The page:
Celebrate Chinese New Year in Hong Kong

Where will you find a rabbit hot on the heels of a tiger? And where will the meeting of the two be heralded by dragon dances and spectacular firework displays? Of course we're talking about the Chinese New Year, and in particular the celebrations in Hong Kong, where, once again in early February, ancestral symbolism will come alive in the heart of one of the planet's most modern and most cosmopolitan cities.

Hong Kong, Chinese New Year
Hong Kong is modern China's flagship city 

Nowhere are the ancient festivities of Chinese New Year celebrated with such gusto and fervour as in the ultra-modern city of Hong Kong where the three main days of celebration will bring everything to a full stop. Here, in modern China's flagship city, seers and geomancers will ply their wares around the ancient temples, catering to the superstitious character of the Chinese who won't miss the opportunity to make their wishes for the year ahead and curry favour with their ancestors and gods by making offerings and burning incense. 

In order to ensure good luck for the rest of the year, nothing is left to chance: the houses are cleaned from top to bottom and no trash from the old year is allowed to remain. Windows are left open to let the good luck flow in and no sweeping is done on New Year's Day, to avoid sweeping the good fortune away. Blades and sharp objects that might cut the flow of positive energy are hidden from view, and lights are left on all night to scare away demons.

Everywhere sweets and treats abound, heralding a year of sweetness, and fresh flowers, too are a common gift at this time of year, and markets such as Victoria Park and Fa Hui Park are abuzz in the days leading up to the celebrations. Even more traditional are the small gifts of money wrapped in the classic red and gold lai see envelopes – the colours of good fortune – and all around you'll hear the phrase Kung Hei Fat Choi! repeated endlessly. The literal translation is along the lines of “be prosperous!” and the popular themes of the festivities are wealth, happiness and longevity.

Parades of floats and marching bands will crowd the downtown streets, as well as choreographed displays led by lion and dragon dances intended to scare aware all evil spirits. The real highlight, though, is the spectacular display of sound and light on the second day of celebration: the skyscrapers around Victoria Harbour are all decorated for the occasion with red ribbons and streamers bearing messages of good luck and all eyes turn skywards as, for around half an hour, fireworks synchronised with music light up the sky.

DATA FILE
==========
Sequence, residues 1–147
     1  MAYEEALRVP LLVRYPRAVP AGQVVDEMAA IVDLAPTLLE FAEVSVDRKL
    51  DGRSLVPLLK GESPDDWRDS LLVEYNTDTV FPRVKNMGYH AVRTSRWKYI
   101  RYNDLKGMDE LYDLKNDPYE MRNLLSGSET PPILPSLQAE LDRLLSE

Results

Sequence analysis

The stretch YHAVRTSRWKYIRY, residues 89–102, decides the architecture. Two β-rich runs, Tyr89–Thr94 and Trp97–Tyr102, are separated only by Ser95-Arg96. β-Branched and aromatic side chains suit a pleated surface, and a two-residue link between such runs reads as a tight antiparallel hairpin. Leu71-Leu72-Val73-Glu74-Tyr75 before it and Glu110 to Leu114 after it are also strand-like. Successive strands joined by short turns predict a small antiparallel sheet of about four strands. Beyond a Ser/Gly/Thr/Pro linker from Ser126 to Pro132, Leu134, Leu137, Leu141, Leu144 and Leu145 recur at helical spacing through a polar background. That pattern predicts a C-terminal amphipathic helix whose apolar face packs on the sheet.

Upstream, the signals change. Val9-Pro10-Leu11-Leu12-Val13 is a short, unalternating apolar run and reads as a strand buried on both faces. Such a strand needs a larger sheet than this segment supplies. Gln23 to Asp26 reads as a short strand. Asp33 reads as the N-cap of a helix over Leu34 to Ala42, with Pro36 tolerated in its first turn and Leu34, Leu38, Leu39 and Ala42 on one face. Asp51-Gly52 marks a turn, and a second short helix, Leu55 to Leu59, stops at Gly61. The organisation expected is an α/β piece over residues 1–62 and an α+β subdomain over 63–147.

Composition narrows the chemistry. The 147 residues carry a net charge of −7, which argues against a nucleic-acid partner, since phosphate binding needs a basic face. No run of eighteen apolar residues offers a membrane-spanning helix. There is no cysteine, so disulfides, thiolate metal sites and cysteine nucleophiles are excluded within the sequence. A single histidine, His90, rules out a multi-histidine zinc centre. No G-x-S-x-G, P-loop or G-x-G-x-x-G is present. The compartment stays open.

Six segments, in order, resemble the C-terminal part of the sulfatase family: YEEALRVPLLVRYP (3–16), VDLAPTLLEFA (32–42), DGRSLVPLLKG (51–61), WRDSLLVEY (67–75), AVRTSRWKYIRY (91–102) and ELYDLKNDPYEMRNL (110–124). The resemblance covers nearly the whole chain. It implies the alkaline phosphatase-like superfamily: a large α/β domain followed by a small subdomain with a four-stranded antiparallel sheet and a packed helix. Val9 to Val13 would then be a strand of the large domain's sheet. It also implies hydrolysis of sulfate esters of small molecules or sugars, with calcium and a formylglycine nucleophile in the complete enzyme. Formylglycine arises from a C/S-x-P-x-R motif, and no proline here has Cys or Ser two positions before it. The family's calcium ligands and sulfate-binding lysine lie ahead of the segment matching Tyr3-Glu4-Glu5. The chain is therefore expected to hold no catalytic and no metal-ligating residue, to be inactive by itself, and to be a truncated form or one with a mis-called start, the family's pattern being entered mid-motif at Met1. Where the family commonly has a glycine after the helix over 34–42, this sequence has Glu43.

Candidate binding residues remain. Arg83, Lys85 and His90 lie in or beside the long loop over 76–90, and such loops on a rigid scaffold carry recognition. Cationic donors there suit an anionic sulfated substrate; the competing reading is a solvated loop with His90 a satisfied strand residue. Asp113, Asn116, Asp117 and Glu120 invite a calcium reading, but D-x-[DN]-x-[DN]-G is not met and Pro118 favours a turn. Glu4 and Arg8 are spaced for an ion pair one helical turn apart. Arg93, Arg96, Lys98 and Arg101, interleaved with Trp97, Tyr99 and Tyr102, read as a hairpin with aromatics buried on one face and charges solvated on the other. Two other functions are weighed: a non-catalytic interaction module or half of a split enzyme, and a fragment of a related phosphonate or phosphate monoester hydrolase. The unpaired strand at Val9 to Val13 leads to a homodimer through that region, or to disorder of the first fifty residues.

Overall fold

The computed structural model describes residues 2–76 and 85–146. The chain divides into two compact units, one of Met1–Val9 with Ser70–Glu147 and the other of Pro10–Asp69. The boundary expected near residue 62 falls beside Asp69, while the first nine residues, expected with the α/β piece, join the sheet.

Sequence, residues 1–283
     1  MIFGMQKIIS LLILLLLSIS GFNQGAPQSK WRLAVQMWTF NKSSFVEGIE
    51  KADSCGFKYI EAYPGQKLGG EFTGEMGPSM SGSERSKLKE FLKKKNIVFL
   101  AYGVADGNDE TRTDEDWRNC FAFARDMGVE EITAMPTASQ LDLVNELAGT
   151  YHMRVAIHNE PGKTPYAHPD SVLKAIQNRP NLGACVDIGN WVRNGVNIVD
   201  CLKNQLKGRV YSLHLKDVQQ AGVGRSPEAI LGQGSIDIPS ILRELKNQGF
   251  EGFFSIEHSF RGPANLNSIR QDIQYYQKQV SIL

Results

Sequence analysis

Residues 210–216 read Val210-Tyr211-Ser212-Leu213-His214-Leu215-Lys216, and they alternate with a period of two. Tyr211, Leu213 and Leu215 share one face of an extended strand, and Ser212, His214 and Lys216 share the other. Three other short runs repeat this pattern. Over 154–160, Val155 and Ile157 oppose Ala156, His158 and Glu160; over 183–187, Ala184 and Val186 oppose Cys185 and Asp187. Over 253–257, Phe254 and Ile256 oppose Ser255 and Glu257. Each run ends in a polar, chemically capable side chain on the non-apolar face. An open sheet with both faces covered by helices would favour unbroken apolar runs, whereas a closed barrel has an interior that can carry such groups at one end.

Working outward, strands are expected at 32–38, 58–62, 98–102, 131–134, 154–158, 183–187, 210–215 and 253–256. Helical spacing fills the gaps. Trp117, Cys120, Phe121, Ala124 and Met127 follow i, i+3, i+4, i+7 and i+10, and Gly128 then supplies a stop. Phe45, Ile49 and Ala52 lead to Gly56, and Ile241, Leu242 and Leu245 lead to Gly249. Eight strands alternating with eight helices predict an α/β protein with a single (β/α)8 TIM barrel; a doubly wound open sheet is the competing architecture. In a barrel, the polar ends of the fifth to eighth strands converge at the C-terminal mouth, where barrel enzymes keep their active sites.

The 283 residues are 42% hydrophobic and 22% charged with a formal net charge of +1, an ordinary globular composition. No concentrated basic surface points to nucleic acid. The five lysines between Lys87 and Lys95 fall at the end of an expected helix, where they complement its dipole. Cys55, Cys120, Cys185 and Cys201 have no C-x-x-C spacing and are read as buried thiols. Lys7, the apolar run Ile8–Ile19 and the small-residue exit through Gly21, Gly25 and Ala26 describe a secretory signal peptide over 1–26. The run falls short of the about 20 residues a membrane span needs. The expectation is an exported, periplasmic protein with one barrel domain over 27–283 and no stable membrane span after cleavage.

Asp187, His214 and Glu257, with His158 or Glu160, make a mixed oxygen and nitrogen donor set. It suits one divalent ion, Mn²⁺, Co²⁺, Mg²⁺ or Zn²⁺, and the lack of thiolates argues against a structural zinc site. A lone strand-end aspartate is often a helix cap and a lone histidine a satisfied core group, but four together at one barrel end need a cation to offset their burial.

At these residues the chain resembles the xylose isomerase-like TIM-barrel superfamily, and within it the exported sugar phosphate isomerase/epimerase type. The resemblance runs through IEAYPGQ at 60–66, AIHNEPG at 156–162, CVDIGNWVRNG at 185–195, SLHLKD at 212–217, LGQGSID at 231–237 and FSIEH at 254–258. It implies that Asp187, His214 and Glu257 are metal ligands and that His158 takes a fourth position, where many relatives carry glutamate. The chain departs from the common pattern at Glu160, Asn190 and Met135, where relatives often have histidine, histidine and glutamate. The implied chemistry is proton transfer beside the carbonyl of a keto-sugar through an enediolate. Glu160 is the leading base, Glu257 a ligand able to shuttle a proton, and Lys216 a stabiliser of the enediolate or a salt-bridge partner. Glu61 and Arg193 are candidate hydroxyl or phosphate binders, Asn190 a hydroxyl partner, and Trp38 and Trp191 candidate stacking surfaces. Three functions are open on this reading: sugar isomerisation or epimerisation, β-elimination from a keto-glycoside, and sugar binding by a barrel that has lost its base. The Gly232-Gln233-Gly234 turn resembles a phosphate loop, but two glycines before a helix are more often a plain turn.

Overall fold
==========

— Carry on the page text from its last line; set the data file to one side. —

Boat trips and cruises are organised on the bay for the event, providing an amazing vantage point to witness the pyrotechnic show above the flashing neon forest of skyscrapers of this oriental epicentre of entertainment and business. But the balconies on the heights of Victoria Peak also offer great panoramic views of the year's climactic night in this city where colonial heritage comes face-to-face with state-of-the-art architecture, and the latest in Western fashions and trends live alongside with the most ancient of traditions. 


Entry requirements 

Check with your travel agent. A passport should be sufficient to visit Hong Kong, but if you intend to visit mainland China a visa will be needed; the agency organising the trip should be able to arrange this for you. 

Chinese New Year 2011
According to the Chinese calendar, 2011 will be the Year of the Rabbit; the main celebrations will take place between February 2nd and 17th.

Where to stay
The Peninsula, with its fleet of Rolls Royce waiting at the door for the exclusive use of guests, is the epitome of luxury in Hong Kong, but the city has a full range of top notch accommodation including other such gems as the ultra-stylish W Hong Kong, or the Intercontinental Hong Kong, where all restaurants and over half the rooms offer stunning views of Victoria Harbour, making it a perfect place to view the fireworks.

Traditionally, the Chinese New Year holiday begins with a big family dinner on the eve of the first day of the celebrations, and restaurants bustle with activity. Among the traditional dishes are different chicken and fish dishes – both symbolise prosperity – as well as noodles, which symbolise longevity, and, for good luck, the dish known as jai, or 'Buddha's Delight', made with tofu and a selection of vegetables including mushrooms, bamboo shoots, gingko nuts and spring onions. For dessert, there's the traditional New Year's pudding, ni gao, or little pastries resembling gold nuggets that are said to bring prosperity. Hong Kong city is full of restaurants serving cuisine from all around the world, and the establishments within the good hotels are a guarantee of quality. High up on The Peak, the spectacular Cafe Deco serves fine fusion cuisine with  some of the best views of the harbour and Hong Kong's famous skyline.

Don't miss
In this city of skyscrapers, hi-tech and the avant-garde, you'll find districts such as Lan Kwai Fong, with its crowded futuristic nightclubs, trendy restaurants and jazz clubs. But if you step away from the centre and visit the little port of Aberdeen, you can still see traditional fishermen and sampans; the old markets of Kowloon sell flowers, birds and jade, and in Hong Kong Park, early risers come to practise tai-chi.

Further information:
Hong Kong Tourism  

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